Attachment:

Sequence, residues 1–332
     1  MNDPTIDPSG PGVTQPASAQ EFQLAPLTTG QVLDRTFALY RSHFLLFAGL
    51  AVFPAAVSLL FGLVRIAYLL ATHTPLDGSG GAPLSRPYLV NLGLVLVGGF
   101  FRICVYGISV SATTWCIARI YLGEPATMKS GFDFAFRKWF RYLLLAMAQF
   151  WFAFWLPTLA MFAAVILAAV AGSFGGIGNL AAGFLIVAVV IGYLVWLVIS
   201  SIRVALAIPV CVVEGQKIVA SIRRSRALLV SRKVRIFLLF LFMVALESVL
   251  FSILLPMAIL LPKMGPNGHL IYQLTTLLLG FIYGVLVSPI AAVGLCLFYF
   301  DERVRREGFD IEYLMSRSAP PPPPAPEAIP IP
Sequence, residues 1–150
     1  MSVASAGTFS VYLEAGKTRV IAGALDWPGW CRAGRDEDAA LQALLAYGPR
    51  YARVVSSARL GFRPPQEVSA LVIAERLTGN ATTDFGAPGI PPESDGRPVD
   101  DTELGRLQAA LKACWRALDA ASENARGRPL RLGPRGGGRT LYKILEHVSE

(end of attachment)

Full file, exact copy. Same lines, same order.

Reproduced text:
Sequence, residues 1–332
     1  MNDPTIDPSG PGVTQPASAQ EFQLAPLTTG QVLDRTFALY RSHFLLFAGL
    51  AVFPAAVSLL FGLVRIAYLL ATHTPLDGSG GAPLSRPYLV NLGLVLVGGF
   101  FRICVYGISV SATTWCIARI YLGEPATMKS GFDFAFRKWF RYLLLAMAQF
   151  WFAFWLPTLA MFAAVILAAV AGSFGGIGNL AAGFLIVAVV IGYLVWLVIS
   201  SIRVALAIPV CVVEGQKIVA SIRRSRALLV SRKVRIFLLF LFMVALESVL
   251  FSILLPMAIL LPKMGPNGHL IYQLTTLLLG FIYGVLVSPI AAVGLCLFYF
   301  DERVRREGFD IEYLMSRSAP PPPPAPEAIP IP
Sequence, residues 1–150
     1  MSVASAGTFS VYLEAGKTRV IAGALDWPGW CRAGRDEDAA LQALLAYGPR
    51  YARVVSSARL GFRPPQEVSA LVIAERLTGN ATTDFGAPGI PPESDGRPVD
   101  DTELGRLQAA LKACWRALDA ASENARGRPL RLGPRGGGRT LYKILEHVSE